Time it was, oh what a time it was, oh what a time it was!
At least, I think so. Anybody with a clear memory of those times simply wasn’t there!
Thank God then for some of the present-day psych bands that help to re-stimulate all those memories of all night Be-Ins in dank, cavernous old engine sheds and dawns spent cross-legged on top of a Tor before anyone knew there was such a thing but knew one or two bearded, unkempt louts that answered to that name.
Yes, the ’60s are not dead …. and, guess what – they don’t even smell funny in the hands of a new wave of children of the flower children who resolutely battle to keep the decade’s notorious aspects alive through their musical odysseys.
Recorded in analog, of course, where possible.
So fire up the ….
Dig out one of these from behind the box marked “faded loons and mouldy kaftan” in the garage ….
And combine with one of these if you’re feeling truly adventurous ….
And let’s get cracking!
Remember you are Ram Dam Boogle Ashram until Sunday night (or until the kids come home, whichever happens first).
Getting the Togs On:
(From the forthcoming album, “The Leaving of London”, on Woronzow Records and available for pre-order here. Release date 10/24/11)
If there’s one outfit with their clogs set firm in the ’60s mire, it’s The Bevis Frond. They are a band, although it’s fair to say The Bevis Frond is essentially Nick Saloman – guitar, bass, drums, keyboards and vocals – with a gently swirling bunch of cohorts revolving around his core.
Lord Saloman is nothing if not prolific – “The Leaving of London” will be the band’s 23rd album since their storied recording career began in 1987. But don’t worry about quality diminution due to over-indulgence; not a bit of it – the new platter is quality psych from the moment the needle hits the groove on side one, track one until the moment you are awoken by said needle endlessly ker-thumping against the label at the end of side two and dawn’s outrageous brightness lances your red-rimmed eyes, even through your sloppily drawn velvet curtains.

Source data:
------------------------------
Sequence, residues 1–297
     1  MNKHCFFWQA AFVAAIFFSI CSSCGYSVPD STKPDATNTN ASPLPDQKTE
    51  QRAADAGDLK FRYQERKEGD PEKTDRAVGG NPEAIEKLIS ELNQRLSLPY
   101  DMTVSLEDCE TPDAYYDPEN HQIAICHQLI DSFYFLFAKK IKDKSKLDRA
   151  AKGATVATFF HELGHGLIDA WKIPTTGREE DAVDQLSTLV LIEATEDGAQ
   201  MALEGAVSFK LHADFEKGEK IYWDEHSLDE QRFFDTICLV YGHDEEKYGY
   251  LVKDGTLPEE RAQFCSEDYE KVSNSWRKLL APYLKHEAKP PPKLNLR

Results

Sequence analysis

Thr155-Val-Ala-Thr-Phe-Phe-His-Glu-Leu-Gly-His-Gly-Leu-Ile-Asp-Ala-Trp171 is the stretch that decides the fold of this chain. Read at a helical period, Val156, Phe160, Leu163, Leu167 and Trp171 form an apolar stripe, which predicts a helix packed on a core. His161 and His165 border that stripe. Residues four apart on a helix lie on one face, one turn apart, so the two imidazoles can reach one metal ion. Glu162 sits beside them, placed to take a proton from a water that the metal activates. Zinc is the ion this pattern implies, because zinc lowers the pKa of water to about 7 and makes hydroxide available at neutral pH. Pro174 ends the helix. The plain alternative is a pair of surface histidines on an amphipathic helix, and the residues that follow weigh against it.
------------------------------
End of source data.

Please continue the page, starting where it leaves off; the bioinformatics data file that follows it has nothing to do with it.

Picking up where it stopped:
(From the forthcoming album, “The Leaving of London”)
You may wish to trawl through the entire Bevis Frond catalogue to see what trips up your lobes with the most efficiency and that you can do by visiting the Bevis Frond download site, accessible by clicking on the pic below. There you can stream tracks to your heart’s content and buy what lights your carrot for very reasonable bread.
They are the real deal, are The Bevis Frond, steeped deep in the ’60s stew.
There’s a bit of everything in their crock pot. Fractured blues? You want fractured blues?
(From the album, “Inner Marshland”, on Woronzow Records and available here)
If there’s one album that most Bevis Frond aficionados vaguely point to as the band’s masterpiece, it’s 1991′s “New River Head“. And they might be right.
(From the album, “New River Head”, on Woronzow Records and available here)
Yes, Nick Saloman knows his psych from his psychedelia, his acid from his stoner. You’ll find his fingerprints all over many a ’60s tribute collection full of esoteric takes on garage rarities and cult classic band catalogues, such as “For the Dead in Space“, a tribute to the genius of wondrous troubadour Tom Rapp and his Pearls Before Swine.
(From the album, “For the Dead in Space”, on Magic Eye and available here)
You’ve been Fronded!